Sunday 10 July 2011

The discrete charm of 70's French Exploitation: Requiem for a Vampire

The beauty of services such as Netflix and Lovefilm, is that they have allowed a whole bunch of film fans to get hold of more obscure titles that they would have been unable to find at their local dvd rental store before, hence increasing their curiosity and creating a demand for more titles, old and new, to be released. That and the advent of IMDB (how did we ever live without it?).

How else could you explain the release of the late French director Jean Rollin's movies on dvd in the UK? The man was at his most active in the 70's and early 80's, and I had vague memories of reading about him, and of his reputation for churning out lame softcore films with added violence, before fading into obscurity.

Curiosity got the best of me however and I added Requiem for a Vampire (1971) to my Lovefilm list. Having been scarred for life by pretentious and nearly unwatchable 70's "classic", The Beast by Walerian Borowczyk, which featured a similar mix of nudity and violence, with an added pseudo philosophical undertone, I feared the worst.

Yet this turned out to be a rather pleasant surprise. Don't get me wrong, this is a bad film, a really bad film. The story makes no sense whatsoever, the pace is far too slow, the acting approximative and the whole thing has dated terribly.

However there is a discreet charm to it. This might be exploitation, but exploitation with a French touch. And they do it with their unmistakable taste and, dare I say, class. The older actors utter their lines as if they were in the adaptation of some classic. The sets make you feel like you are attending the an amateur play on a balmy summer evening in Aix en Provence. And the two young ingenues look more like they belong to an Eric Rohmer movie than this kind of smut.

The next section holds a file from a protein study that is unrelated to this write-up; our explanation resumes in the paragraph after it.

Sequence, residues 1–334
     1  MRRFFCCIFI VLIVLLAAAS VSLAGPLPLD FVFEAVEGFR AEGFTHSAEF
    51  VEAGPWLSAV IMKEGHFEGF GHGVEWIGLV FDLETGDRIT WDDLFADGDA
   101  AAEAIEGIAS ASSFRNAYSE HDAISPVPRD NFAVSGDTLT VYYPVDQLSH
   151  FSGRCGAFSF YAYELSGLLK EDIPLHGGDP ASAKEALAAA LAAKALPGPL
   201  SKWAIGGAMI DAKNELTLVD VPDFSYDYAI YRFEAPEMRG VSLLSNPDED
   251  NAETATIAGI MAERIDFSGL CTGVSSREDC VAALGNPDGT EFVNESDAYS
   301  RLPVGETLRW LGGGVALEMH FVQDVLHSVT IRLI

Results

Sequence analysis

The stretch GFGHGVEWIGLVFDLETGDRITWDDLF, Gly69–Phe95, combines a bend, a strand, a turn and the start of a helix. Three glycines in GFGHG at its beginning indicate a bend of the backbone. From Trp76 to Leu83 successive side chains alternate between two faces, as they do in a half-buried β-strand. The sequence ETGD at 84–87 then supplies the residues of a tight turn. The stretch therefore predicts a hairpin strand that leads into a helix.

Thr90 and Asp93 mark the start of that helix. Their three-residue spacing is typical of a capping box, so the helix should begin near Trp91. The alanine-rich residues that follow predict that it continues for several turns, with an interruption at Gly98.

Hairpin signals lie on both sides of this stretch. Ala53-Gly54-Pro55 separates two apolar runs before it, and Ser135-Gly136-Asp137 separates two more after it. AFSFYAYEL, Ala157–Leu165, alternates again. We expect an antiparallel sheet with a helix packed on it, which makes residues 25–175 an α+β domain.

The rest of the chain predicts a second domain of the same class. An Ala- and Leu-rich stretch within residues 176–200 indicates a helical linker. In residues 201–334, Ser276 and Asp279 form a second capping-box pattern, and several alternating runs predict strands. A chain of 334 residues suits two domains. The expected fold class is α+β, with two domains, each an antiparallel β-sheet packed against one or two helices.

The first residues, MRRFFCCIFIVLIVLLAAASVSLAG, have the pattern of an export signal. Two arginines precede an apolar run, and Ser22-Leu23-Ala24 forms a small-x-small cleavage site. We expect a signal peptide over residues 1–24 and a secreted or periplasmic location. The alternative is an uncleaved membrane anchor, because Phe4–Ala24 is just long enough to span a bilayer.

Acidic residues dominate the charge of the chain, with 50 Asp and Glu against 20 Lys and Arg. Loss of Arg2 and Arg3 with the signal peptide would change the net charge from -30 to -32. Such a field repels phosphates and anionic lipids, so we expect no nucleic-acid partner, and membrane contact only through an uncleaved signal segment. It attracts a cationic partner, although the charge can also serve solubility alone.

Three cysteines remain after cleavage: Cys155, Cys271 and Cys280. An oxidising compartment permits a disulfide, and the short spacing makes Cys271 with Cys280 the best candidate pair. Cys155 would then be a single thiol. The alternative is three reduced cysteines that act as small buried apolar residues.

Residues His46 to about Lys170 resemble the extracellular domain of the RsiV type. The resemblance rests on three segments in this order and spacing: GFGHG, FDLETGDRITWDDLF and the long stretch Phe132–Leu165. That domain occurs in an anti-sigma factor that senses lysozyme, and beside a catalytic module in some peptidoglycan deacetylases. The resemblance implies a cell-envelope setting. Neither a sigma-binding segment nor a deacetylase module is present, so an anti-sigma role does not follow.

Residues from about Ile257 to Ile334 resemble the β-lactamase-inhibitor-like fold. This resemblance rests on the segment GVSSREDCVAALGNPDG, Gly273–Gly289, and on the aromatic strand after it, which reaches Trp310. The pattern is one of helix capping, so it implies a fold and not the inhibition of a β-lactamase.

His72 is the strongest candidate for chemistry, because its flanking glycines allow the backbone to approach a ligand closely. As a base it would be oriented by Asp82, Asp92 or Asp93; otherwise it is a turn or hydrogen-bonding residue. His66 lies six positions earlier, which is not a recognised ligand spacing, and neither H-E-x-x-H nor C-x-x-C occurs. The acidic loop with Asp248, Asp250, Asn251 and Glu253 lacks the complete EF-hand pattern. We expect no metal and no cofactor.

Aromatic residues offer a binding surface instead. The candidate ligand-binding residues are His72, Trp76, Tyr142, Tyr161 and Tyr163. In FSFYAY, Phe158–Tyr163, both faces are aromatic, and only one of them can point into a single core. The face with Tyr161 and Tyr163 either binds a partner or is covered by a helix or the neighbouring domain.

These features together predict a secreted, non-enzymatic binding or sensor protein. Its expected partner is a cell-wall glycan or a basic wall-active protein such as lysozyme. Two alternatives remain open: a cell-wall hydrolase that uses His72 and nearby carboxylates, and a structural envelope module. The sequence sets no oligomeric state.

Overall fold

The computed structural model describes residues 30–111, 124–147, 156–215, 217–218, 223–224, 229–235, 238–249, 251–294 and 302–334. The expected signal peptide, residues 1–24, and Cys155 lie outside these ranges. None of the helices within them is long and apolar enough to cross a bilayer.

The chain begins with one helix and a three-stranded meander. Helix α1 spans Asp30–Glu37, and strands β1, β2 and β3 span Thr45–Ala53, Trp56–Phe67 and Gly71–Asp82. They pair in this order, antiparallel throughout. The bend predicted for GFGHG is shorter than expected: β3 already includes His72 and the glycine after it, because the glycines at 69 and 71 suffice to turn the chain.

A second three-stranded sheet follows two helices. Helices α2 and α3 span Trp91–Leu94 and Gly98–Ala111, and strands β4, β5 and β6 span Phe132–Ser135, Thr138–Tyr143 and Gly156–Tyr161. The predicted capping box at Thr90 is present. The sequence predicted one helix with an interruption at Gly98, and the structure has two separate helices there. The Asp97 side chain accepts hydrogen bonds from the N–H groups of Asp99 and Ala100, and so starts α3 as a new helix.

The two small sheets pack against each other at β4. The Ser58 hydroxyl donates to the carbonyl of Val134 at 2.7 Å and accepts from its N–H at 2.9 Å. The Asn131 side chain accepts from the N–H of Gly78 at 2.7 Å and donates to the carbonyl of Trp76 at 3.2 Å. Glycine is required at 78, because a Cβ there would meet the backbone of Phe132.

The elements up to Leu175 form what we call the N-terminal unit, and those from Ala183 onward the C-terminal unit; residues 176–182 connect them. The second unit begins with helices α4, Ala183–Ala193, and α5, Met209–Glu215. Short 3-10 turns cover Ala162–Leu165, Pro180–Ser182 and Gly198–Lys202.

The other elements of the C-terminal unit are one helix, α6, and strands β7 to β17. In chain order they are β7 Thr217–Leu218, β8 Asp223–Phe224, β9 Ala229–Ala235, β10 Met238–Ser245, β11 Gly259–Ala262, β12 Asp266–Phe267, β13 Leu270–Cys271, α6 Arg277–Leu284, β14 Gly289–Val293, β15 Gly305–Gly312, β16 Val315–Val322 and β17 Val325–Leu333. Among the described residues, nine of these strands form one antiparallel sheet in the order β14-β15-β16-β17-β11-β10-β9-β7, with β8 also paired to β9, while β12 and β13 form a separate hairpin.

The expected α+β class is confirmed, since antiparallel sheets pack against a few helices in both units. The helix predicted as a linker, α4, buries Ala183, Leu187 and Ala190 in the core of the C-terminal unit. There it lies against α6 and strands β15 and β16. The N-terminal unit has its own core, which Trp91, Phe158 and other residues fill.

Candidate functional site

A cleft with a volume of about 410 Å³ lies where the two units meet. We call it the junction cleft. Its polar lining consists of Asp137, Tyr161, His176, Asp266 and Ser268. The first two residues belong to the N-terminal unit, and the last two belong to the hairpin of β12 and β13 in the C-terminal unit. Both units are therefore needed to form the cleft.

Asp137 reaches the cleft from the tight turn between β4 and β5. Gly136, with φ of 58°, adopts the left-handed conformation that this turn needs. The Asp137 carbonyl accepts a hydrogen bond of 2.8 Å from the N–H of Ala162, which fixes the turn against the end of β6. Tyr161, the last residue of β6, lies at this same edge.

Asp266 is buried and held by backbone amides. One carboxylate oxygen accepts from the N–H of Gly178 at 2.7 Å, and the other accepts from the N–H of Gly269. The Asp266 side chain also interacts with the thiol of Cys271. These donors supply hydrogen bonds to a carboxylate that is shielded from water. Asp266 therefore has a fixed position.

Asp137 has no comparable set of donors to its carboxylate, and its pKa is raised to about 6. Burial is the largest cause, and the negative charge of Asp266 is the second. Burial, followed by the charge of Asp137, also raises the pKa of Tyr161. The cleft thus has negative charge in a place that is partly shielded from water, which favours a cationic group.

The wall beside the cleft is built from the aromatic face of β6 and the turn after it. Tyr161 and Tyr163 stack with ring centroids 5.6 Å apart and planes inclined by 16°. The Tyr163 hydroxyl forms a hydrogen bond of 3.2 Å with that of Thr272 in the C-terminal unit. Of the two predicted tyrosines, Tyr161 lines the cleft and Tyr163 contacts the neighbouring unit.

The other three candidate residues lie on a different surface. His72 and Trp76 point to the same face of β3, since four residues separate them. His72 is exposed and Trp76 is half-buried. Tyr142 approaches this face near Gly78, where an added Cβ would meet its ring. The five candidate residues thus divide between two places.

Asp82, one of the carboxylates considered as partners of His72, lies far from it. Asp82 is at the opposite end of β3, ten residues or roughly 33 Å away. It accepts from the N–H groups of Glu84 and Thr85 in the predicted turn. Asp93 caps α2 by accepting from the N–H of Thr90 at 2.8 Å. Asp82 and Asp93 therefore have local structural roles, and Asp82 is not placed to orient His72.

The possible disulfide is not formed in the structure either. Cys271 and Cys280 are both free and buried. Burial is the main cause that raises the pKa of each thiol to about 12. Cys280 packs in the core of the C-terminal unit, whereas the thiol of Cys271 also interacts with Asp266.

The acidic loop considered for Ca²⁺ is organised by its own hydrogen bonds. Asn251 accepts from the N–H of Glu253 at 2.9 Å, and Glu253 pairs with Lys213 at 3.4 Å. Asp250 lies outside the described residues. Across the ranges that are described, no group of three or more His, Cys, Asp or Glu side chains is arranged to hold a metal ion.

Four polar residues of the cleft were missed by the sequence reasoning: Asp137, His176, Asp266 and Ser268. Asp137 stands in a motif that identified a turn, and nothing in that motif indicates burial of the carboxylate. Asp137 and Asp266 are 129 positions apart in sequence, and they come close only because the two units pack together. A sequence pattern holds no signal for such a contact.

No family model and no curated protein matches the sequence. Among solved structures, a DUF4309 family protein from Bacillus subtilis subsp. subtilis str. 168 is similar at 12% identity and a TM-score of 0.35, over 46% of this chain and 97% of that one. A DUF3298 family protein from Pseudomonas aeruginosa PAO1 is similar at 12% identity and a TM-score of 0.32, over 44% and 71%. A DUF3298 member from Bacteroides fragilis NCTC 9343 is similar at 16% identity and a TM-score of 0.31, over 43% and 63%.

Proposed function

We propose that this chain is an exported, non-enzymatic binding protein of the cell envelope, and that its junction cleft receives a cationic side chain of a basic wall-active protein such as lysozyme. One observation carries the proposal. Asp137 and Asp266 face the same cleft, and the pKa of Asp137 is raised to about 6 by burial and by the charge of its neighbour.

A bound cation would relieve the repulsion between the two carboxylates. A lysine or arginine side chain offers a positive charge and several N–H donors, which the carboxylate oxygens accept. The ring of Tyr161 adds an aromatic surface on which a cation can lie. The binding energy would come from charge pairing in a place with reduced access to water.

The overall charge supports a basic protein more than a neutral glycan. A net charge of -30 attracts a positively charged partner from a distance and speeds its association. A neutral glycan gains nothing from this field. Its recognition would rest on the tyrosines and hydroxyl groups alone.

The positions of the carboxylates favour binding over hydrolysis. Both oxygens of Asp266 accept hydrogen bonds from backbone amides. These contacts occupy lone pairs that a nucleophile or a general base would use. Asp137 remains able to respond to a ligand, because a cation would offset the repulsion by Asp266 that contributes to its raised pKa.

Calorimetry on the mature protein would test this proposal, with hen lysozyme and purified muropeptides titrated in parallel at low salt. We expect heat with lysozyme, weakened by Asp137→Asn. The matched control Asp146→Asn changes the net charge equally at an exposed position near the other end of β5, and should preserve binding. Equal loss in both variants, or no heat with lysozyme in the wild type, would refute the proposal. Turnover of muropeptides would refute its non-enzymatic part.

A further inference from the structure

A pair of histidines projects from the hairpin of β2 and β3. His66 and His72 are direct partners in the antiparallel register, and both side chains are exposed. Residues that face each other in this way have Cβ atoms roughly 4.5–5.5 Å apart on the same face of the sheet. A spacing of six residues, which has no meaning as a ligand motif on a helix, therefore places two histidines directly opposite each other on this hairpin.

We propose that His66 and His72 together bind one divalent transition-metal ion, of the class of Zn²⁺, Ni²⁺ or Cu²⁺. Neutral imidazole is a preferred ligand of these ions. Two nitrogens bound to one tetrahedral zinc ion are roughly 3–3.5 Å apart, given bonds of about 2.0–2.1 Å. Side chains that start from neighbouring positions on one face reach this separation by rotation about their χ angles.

There is a certain surreal poetry of randomness that pervades the film. Take the opening scene for example. Our two leading ladies, dressed up as clowns (?!), are fleeing a school fete with an accomplice on a car, except that this end up as a shoot out with the police who kill their companion! I never knew schools were that strict in the 70's? They then wander in deserted landscapes at dusk, with no dialogues, and with one of them ending up nearly buried alive when she trips on an open grave.

They end up captive of a vampire cult, with the nefarious plans to turn them into creatures of the night, but do not expect the action to ramp up. There is a bit of violence thrown in, a bit of whipping added to please the most lecherous viewers but mostly, the dreamy and languid tone carries on. And surely, members of an evil cult with that sort of classically trained diction cannot be all that bad? Despite an obviously tiny budget, the director makes a good use of some fairy tales like locations.

In a way, with the plastic bats and old school vampires with capes, this feels like what would have happened if Eric Rohmer on a naughty day had made a film for the Hammer studios. There is even a rather touching emphasis on the girl's friendship, which gets tested when one of them contemplates taking the satanic gift and betraying her friend. And then it all culminates with a poetic and darkly romantic ending.

The British edition is heavily cut, and I might have passed a very different judgement on this if all the violence and smut had been kept in. Nevertheless, this is an oddity that deserves to be seen, provided you are a fan of truly obscure and alternative cinema.

No comments:

Post a Comment